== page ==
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Create a Github Personal Access Token and SSH for Your Github Repository

otumianempire profile image Otu Michael ・4 min read

Github Personal Access Token and SSH

Basic authentication is the use of username and password for authentication. For sometime Github will accept Basic authentication, the use of username and password, to access repositories on Github - to clone, push and pull. The Basic authentication will be deprecated very soon this year, 2021.

Github also allows:

  • Username and password with two-factor authentication
  • Personal access token (PAT)
  • SSH key

Create the PAT

The PAT can only be used over HTTPS Git operations

  • On Github, signup if you don't have an account or login if you already do have one
  • At the top right corner, click on your avatar and click on Settings from the drop-down
  • On the left side of your Setting Profile page, click on Developer settings
  • Click on Personal access token on the next page
  • At the right, click on Generate token
  • Give the token a name or description and check some privileges you want to give to the token
  • Click Generate token, a green button at the bottom of the page
  • Copy the token and save it somewhere safely (It will still be there when you check it)
  • If the token is forgotten or you could not save it, regenerate it.

Add token to git

vscode is my go-to text editor for my all-round development. Entering the username and token every time is a nuisance. We would add the token globally to git. For a specific application, we can add the token locally. The token would be used as the password.

  • git config --global credential.helper store
  • Now clone, push or pull with username and copied token instead of the password


  • For the sake of testing, let's create a dummy repo on Github. Choose the default settings. (Do not close the page or the browser)
  • I am on ubuntu so I will install ssh on ubuntu.
  • Update and install openssh-server: sudo apt update then sudo apt install openssh-server
  • sudo systemctl status ssh to check the ssh status then hit q to get back to the terminal
  • sudo ufw allow ssh, will open the ssh port. This enables us to connect to our Ubuntu system via SSH from any remote machine.
  • sudo systemctl disable --now ssh to disable ssh and sudo systemctl enable --now ssh to enable ssh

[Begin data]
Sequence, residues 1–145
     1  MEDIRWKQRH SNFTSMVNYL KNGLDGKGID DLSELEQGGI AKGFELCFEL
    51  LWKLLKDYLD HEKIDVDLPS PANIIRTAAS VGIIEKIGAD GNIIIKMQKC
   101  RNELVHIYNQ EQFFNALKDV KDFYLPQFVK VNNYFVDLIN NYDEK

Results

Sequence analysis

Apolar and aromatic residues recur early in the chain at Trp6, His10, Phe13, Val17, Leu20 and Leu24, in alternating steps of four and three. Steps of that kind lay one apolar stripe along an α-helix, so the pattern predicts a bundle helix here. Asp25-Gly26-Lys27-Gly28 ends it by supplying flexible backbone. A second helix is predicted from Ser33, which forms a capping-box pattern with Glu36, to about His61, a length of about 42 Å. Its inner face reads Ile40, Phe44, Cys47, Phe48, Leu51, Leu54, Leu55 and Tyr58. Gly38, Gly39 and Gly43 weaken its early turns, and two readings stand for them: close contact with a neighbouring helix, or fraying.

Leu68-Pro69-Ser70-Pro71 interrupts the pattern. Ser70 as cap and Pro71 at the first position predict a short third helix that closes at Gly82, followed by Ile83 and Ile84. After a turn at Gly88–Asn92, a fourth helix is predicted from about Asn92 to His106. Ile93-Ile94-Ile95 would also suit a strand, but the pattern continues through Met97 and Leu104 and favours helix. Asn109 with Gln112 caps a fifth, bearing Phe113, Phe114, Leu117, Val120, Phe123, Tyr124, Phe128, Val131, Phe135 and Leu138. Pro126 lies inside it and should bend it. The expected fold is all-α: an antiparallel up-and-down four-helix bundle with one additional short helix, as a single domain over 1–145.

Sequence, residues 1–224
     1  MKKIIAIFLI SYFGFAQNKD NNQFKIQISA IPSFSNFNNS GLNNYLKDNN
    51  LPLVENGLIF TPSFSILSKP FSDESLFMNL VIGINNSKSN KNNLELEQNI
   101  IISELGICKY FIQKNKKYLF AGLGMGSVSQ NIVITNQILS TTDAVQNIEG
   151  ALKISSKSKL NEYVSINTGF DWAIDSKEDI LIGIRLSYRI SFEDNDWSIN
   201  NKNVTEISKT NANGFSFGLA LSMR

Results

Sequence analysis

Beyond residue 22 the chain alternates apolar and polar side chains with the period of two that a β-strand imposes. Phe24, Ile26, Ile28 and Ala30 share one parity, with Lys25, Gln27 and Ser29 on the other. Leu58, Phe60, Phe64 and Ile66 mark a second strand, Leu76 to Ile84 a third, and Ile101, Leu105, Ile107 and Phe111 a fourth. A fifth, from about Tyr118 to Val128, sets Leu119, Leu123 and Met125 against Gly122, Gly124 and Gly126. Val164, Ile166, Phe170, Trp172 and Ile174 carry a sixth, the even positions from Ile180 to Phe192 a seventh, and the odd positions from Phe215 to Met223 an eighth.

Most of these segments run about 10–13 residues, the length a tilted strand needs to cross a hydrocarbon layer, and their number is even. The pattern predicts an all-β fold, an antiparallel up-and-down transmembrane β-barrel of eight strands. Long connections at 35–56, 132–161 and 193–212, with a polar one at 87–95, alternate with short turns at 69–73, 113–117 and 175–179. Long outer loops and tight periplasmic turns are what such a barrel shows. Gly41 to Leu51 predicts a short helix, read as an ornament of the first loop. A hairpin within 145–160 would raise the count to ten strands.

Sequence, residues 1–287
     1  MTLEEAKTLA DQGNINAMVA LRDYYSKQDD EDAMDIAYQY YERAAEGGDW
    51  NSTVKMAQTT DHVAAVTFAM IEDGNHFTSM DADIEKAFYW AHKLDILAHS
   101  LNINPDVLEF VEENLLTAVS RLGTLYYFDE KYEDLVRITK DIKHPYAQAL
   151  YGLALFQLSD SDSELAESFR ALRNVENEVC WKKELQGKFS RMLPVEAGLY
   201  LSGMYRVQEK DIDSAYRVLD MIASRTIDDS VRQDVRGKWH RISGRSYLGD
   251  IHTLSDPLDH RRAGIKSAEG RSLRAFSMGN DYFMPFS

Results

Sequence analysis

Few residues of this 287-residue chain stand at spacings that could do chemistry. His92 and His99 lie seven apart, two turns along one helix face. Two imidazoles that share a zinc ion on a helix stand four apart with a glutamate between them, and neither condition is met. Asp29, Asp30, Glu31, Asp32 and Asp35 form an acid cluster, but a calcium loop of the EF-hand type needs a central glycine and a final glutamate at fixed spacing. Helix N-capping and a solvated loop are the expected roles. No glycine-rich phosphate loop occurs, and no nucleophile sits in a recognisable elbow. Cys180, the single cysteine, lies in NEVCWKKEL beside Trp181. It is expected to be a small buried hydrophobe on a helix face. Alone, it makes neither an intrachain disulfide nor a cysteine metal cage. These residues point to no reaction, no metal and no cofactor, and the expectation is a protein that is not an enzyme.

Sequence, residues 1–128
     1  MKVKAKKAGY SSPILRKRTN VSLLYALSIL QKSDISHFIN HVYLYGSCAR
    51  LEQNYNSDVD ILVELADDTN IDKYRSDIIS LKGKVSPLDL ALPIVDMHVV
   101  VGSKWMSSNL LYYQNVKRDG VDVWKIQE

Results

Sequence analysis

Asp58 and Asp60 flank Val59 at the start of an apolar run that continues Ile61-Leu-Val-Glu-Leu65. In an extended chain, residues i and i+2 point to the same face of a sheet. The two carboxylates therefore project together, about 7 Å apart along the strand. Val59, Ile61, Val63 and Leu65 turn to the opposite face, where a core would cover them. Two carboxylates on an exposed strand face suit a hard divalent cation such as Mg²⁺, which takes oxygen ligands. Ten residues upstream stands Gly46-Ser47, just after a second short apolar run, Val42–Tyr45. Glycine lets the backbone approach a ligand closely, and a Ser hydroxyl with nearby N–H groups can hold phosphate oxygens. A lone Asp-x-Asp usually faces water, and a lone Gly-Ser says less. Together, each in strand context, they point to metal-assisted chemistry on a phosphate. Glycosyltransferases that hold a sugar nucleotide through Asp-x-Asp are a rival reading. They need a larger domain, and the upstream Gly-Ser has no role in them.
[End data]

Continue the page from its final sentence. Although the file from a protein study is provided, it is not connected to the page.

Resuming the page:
• Generate ssh key, ssh-keygen -t ed25519 -C "".
  • Hit enter to use the default settings for the file name/path to save your key
  • Enter and hit enter for the passphrase and reenter the passphrase and hit enter again
  • Start the ssh-agent in the background to add add key to ssh-client: eval "$(ssh-agent -s)"
  • ssh-add ~/.ssh/id_ed25519 then enter the passphrase used initially to add key to client
  • We can now add the ssh public key to Github. We can cat the public key then copy it or open the public key in a text editor and then copy it.
  • gedit ~/.ssh/ will open the public key in gedit. Copy it.
  • On Github just as we did for the toke, go to the top right corner of the page and click on the avatar
  • Click on Settings on the drop-down
  • Click on SSH and GPG keys
  • Click New SSH key or Add SSH key.
  • add a title and then paste the public key from the text editor into the key field
  • Then click on add SSH Key and we are done adding ssh key to Github
  • The dummy repo we created earlier would have a URL, if we were to use HTTPS but for the SSH,
  • Let's clone the project from Github using SSH, git clone
  • cd dummyrepo and then echo "# dummyrepo" >>
  • git add and git commit -m "" to add and commit the
  • git push origin main to push the committed code.

Switch from HTTPS to SSH URL

Say you have the repo already using HTTPS then you have to change the URL on your local server.

  • HTTPS url:
  • SSH url:
  • check the git url, git remote -v which will display

    • origin (fetch)
    • origin (push)
  • to change from HTTPS to SSH, git remote set-url

  • check the git url verify the changes, git remote -v

    • origin (fetch)
    • origin (push)


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